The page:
TABLE II__________________________________________________________________________OZONATION FOLLOWED BY CHLORINATION__________________________________________________________________________Chlorine Applied 4.8 6.7 6.5 6.5 6 5 4 3 6.5 6.5 6.5 5 5Chlorine Residual 0.05 1.2 0.1 0.57 0.27 0.02 0.07 0.03 0.41 0.11 0.79 0.49 0.51Ozone Applied 1.32 1.70 0.59 1.74 1.78 1.83 2.13 2.43 1.70 0.77 4.03 3.74 5.19Ozone in Trap 1.02 1.15 0.50 1.34 1.29 1.26 0.70 1.22 1.26 0.24 1.76 1.69 1.76Estimated Ozone 0.55 0.71 0.25 0.73 0.74 0.76 0.89 1.01 0.71 0.32 1.68 1.56 2.17DosageTotal Equivalent 5.19 6.31 6.53 6.52 6.45 5.82 6.05 4.76 6.74 7.17 9.07 7.54 9.56C12 ConsumedInitial Kappa 32.6 32.6 32.6 32.6 32.6 32.6 32.6 32.6 32.6 32.6 32.6 32.6 32.6CE Kappa 13.1 2.3 3.7 3.7 3.6 5 5.8 9.6 3.3 4 1.7 2.2 1.4Initial ViscosityTAPPI 53.1 53.1 53.1 53.1 53.1 53.1 53.1 53.1 53.1 53.1 53.1 53.1 53.1SCAN 1222. 1222. 1222. 1222. 1222. 1222. 1222. 1222. 1222. 1222. 1222. 1222. 1222.CE ViscosityTAPPI 40.1 18.4 31 31.4 29.5 34.5 36.5 33.2 30.2 33.7 11.8 15.2 9.2SCAN 1125. 853.7 1035. 1039. 1018. 1072. 1092. 1059. 1026. 1064. 699.0 787.2 612.3CE Delignification 59.82% 92.94% 88.65% 88.65% 88.96% 84.66% 82.21% 70.55% 89.88% 87.73% 94.79% 93.25% 93.71%CE Deviscosification 8.00% 30.18% 15.33% 14.96% 16.74% 12.28% 10.68% 13.37% 16.07% 12.95% 42.84% 35.62% 49.92%Relative Dosage 0.159% 0.194% 0.200% 0.200% 0.198% 0.179% 0.185% 0.146% 0.207% 0.220% 0.278% 0.231% 0.293%Symbols for Graphs + + + + + + + + + + + + +__________________________________________________________________________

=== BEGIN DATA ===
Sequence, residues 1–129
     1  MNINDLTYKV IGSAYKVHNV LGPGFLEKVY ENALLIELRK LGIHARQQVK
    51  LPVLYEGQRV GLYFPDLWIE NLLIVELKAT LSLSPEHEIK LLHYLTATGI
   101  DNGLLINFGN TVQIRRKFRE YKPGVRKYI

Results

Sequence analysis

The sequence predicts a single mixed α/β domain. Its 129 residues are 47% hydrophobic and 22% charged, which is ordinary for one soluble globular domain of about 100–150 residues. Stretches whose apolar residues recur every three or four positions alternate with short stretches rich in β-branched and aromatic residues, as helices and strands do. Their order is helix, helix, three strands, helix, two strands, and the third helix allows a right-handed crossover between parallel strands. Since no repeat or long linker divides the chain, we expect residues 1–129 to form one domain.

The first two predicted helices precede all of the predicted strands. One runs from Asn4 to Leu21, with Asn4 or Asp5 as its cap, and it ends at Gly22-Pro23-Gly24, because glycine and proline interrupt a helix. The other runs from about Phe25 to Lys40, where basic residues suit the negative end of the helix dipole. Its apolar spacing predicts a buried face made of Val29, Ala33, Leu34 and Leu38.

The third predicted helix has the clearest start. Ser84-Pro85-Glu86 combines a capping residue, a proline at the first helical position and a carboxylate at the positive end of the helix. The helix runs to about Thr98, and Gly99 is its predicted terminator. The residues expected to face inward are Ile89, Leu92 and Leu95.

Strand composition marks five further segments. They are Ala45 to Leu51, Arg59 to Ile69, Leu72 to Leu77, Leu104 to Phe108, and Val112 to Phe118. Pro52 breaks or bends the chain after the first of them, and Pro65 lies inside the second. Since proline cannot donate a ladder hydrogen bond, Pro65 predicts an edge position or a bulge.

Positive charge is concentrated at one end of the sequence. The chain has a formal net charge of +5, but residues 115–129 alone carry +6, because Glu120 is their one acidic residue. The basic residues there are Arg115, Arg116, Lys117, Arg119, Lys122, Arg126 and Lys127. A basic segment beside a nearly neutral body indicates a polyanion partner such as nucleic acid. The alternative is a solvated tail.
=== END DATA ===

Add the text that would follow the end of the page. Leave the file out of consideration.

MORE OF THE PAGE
TABLE III______________________________________SIMULTANEOUS ADDITION OF O.sub.3 and Cl.sub.2 Water Gas______________________________________Chlorine Applied 5 5 5 5Chlorine Residual 0.15 0.09 0.09 0.06Ozone Applied 1.15 2.47 4.24 1.30Ozone in Trap 1.06 2.26 2.93 1.16Estimated Ozone Dosage 0.48 1.03 1.77 0.54Total Equivalent C12 4.98 5.22 6.85 5.15ConsumedInitial Kappa 32.6 32.6 32.6 32.6CE Kappa 3.9 1.8 1.3 4.6Initial ViscosityTAPPI 53.1 53.1 53.1 53.1SCAN 1222. 1222. 1222. 1222.CE ViscosityTAPPI 28.1 21 15.8 32.4SCAN 1001. 899.8 800.7 1050.CE Delignification 88.04% 94.48% 96.01% 85.89%CE Deviscosification 18.12% 26.42% 34.52% 14.07%Relative Dosage 0.153 0.160 0.210 0.158Symbols for Graph * * * G______________________________________